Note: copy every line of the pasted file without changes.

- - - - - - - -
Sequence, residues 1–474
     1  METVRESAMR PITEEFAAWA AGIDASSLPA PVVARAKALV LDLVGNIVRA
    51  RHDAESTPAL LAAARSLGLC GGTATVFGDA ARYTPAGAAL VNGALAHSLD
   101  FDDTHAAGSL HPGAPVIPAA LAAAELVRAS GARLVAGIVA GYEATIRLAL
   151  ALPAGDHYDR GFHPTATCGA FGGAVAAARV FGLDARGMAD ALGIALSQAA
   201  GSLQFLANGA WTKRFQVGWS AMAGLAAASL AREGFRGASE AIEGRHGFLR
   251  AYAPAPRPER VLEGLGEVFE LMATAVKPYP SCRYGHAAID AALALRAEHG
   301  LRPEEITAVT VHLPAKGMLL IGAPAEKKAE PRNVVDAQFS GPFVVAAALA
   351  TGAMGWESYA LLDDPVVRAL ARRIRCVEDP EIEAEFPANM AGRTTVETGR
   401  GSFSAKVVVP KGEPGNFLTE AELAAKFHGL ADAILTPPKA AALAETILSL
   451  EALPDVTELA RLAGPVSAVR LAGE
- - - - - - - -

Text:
Sequence, residues 1–474
     1  METVRESAMR PITEEFAAWA AGIDASSLPA PVVARAKALV LDLVGNIVRA
    51  RHDAESTPAL LAAARSLGLC GGTATVFGDA ARYTPAGAAL VNGALAHSLD
   101  FDDTHAAGSL HPGAPVIPAA LAAAELVRAS GARLVAGIVA GYEATIRLAL
   151  ALPAGDHYDR GFHPTATCGA FGGAVAAARV FGLDARGMAD ALGIALSQAA
   201  GSLQFLANGA WTKRFQVGWS AMAGLAAASL AREGFRGASE AIEGRHGFLR
   251  AYAPAPRPER VLEGLGEVFE LMATAVKPYP SCRYGHAAID AALALRAEHG
   301  LRPEEITAVT VHLPAKGMLL IGAPAEKKAE PRNVVDAQFS GPFVVAAALA
   351  TGAMGWESYA LLDDPVVRAL ARRIRCVEDP EIEAEFPANM AGRTTVETGR
   401  GSFSAKVVVP KGEPGNFLTE AELAAKFHGL ADAILTPPKA AALAETILSL
   451  EALPDVTELA RLAGPVSAVR LAGE